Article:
Something The Love and Understand
Sons of Skynyrd loyal to it’s classic southern rock sound
Bryan Williams was raised a simple kind of man growing up in Canadensis, Monroe County.
The Covington Twp. resident was a self-described hunter, fisherman and all-around “hell-raiser” who would rather be outdoors than in.
Southern rock was more than just a favorite type of music to “turn it up”. It was a way of life for the lead vocalist of Sons of Skynyrd, a popular tri-state area cover band.
“It reflects a lot of my own life,” Mr. Williams said. “It’s real music you can relate to. I always wanted to play southern rock growing up,” he added, laughing, ” I tell people I’m from southern Canadensis.”
Sons of Skynyrd consists of several players who have jammed together for more than a decade in various permutations of bands. One of the earliest incarnations of the tribute act was a croup called Crawdaddy, which featured Mr. Williams plus guitarists George Festo and Bobby DelSapio.
Crawdaddy originated in 1998 at Mr. Williams’ Canadensis studio, fondly named the “Hell House”.
“It was hot and a lot of work, but that’s where we got our start,” Mr. Williams said.
Keyboard player Rich Tancredi joined the outfit after departing another act called Saturday Night Special, and gained respect for gold records on his walls earned during years as a musician for the likes of singers such as Mariah Carey and Taylor Dayne.
“Weird lucky to have him,” Mr. Williams said of the keyboardist.
Several of the guys also played in the Artimus Pyle Band as they geared up for the Lynyrd Skynyrd tribute.
By 2007, drummer Joe Callari asked for a commitment from the strongest core musicians for Sons of Skynyrd, which he envisioned at the forefront of gigs throughout the Connecticut-New York-New Jersey-Pennsylvania club circuit.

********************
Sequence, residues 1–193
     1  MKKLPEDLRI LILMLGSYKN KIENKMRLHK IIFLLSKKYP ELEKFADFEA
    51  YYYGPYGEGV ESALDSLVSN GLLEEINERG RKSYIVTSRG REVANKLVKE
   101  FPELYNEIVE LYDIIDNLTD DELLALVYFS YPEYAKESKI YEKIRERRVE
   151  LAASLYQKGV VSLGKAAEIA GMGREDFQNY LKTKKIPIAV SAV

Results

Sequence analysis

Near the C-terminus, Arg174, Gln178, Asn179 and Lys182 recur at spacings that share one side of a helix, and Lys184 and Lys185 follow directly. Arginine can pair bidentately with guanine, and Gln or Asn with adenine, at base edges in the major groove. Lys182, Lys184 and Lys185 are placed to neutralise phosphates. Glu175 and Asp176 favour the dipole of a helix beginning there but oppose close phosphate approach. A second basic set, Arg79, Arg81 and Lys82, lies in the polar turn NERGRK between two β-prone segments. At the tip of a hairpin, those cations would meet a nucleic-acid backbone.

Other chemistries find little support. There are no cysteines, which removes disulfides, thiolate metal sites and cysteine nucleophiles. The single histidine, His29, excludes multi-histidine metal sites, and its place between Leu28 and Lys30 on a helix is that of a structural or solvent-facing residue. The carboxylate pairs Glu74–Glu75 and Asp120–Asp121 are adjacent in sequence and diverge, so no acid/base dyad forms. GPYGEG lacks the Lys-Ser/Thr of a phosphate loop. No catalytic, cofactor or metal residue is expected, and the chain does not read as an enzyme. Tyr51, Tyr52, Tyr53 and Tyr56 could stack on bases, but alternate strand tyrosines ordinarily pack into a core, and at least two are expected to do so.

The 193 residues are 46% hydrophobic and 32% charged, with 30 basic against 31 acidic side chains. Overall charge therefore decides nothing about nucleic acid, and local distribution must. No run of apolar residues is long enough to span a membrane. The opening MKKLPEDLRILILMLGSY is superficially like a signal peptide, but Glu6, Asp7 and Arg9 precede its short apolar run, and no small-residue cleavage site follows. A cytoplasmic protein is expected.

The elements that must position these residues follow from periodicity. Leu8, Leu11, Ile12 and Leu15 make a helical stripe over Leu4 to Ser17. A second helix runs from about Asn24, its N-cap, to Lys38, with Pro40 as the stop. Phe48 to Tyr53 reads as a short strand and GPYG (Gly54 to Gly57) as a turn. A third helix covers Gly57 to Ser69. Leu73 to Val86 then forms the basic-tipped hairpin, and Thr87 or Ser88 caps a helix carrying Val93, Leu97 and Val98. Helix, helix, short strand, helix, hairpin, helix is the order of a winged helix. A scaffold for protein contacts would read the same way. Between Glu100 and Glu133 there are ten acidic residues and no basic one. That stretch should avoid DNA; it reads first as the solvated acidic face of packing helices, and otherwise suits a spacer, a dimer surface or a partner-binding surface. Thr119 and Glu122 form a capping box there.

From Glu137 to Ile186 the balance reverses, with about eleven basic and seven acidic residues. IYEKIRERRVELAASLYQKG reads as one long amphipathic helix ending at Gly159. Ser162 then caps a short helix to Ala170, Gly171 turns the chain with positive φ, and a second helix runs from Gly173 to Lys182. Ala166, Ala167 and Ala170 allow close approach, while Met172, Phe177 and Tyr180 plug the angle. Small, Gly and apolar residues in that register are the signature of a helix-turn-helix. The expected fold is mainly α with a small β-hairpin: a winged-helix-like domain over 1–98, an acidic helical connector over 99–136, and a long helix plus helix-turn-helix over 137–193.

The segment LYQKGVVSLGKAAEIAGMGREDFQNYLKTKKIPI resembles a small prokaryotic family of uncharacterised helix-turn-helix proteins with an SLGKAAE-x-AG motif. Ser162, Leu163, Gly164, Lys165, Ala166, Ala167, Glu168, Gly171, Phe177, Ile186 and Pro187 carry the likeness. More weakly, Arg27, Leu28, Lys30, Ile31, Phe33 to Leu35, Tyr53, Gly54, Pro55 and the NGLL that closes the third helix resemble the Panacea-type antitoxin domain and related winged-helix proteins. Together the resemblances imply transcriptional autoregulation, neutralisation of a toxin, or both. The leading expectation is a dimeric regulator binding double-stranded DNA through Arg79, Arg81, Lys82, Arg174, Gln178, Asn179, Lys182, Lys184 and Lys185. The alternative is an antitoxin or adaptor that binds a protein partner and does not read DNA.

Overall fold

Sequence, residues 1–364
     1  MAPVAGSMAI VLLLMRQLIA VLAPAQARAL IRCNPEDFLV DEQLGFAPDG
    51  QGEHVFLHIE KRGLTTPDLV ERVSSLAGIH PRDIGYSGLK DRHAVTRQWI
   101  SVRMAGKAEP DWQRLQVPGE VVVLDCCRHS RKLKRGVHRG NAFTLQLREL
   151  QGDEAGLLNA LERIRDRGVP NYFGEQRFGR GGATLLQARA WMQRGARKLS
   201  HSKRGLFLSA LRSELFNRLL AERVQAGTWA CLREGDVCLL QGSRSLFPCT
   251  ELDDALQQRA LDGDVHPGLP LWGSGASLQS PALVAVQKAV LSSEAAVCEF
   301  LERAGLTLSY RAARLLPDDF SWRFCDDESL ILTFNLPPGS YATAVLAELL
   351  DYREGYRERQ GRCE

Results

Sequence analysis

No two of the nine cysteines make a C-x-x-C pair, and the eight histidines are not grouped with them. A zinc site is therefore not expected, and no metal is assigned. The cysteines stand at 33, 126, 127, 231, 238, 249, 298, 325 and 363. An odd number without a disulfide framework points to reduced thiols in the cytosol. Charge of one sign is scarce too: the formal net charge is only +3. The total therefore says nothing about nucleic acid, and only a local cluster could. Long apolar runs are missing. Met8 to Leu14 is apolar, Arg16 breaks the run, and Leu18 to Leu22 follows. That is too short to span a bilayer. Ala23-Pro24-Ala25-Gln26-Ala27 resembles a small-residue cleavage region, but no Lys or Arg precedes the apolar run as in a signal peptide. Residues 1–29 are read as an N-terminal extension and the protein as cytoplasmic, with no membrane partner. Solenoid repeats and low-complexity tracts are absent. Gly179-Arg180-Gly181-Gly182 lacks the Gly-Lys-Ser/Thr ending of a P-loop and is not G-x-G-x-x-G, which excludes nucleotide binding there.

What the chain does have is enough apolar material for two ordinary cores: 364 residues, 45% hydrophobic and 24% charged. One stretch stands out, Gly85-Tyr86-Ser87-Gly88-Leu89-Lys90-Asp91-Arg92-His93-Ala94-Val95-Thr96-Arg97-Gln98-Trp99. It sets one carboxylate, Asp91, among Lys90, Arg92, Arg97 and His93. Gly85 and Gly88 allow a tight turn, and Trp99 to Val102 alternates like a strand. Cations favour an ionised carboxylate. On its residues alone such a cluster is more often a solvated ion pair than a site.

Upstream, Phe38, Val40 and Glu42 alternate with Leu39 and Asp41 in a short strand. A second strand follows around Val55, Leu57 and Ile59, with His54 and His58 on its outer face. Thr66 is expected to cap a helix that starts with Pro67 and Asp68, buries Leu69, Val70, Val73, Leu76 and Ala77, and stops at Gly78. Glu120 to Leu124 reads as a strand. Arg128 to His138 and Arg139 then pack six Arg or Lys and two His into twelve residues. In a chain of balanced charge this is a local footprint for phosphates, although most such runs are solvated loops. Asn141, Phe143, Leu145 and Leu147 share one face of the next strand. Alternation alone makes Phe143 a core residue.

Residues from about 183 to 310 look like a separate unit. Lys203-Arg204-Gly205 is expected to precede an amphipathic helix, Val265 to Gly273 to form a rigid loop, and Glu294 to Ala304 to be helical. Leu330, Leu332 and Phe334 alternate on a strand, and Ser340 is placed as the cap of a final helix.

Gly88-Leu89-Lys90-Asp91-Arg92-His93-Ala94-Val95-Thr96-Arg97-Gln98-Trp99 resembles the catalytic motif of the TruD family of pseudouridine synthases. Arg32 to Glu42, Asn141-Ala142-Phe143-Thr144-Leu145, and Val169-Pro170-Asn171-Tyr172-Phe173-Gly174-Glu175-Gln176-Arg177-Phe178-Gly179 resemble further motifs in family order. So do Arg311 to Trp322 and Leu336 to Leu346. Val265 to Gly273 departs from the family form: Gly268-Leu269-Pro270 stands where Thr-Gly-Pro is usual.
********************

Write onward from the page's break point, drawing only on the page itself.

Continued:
With members spread out among those states, the commitment is more to the music than to a regular rehearsal schedule. Each musician is responsible for learning their parts and showing up at sound check ready to rock.
“We communicate through email and get together to rehearse every six weeks or so in (New) Jersey,” Mr. Callari said. “Everybody in this band knows their stuff and it comes together in a show even though we’re in three different states.
“We make it work.” Mr. Callari said. “We’re true to the music. We don’t overplay it or underplay. We present it in proper fashion. We’re not mimicking, we just enjoy doing it.”
The majority of songs in the regular setlist consist of Skynyrd classics and other southern rock staples, including hits from Charlie Daniels Band, Marshall Tucker Band, 38 Special and the Allman Brothers Band. Occasional female vocalists and substitute players sit in with Sons of Skynyrd based on who is available per show, which means Janis Joplin or Carrie Underwood tunes can find their way into the mix.
No matter which artists make an appearance, the feeling and passion behind the music is always the same.
“It’s not going through the motions. We get the sound, it makes our blood boil,” Mr. Callari explained. “We’re just trying to keep it alive because it is a dying breed.”
“It’s very pure,” he said. “It’s not overdubbed to death. It’s straight from the heart. Very point blank, so to speak.”
Mr. Williams said that even though the songs are aging and may not be as familiar to younger audiences, Sons of Skynyrd rarely fails to connect with listeners.
“The response is great if you can get the right crowd to come out,” he said. “What I notice, (we get them) when they see a three-guitar attack. It’s really heavy and thumps-you-in-the-chest kind of music.”
Sons of Skynyrd finds enthusiastic audiences of all sizes, in the smallest corner bars or at the larger festivals and truck shows they play across the states.
“We’ll basically play any place that’ll have us,” Mr. Williams admitted. “We don’t mind traveling a couple hundred miles to play.”
The group also is committed to giving back. They’ve volunteered their talent to New York Fire Dept. fundraisers and will play an upcoming benefit gig at Renegades Saloon in Newfoundland on Saturday, Jan. 16, for local cancer patient Elaine Pinto.
It’s all in an honest day’s work for the honky tonk lovers.
“We don’t stick to one thing at a time,” Mr. Callari said. “We’re doing something right.”
by Patrice Wilding (Staff Writer)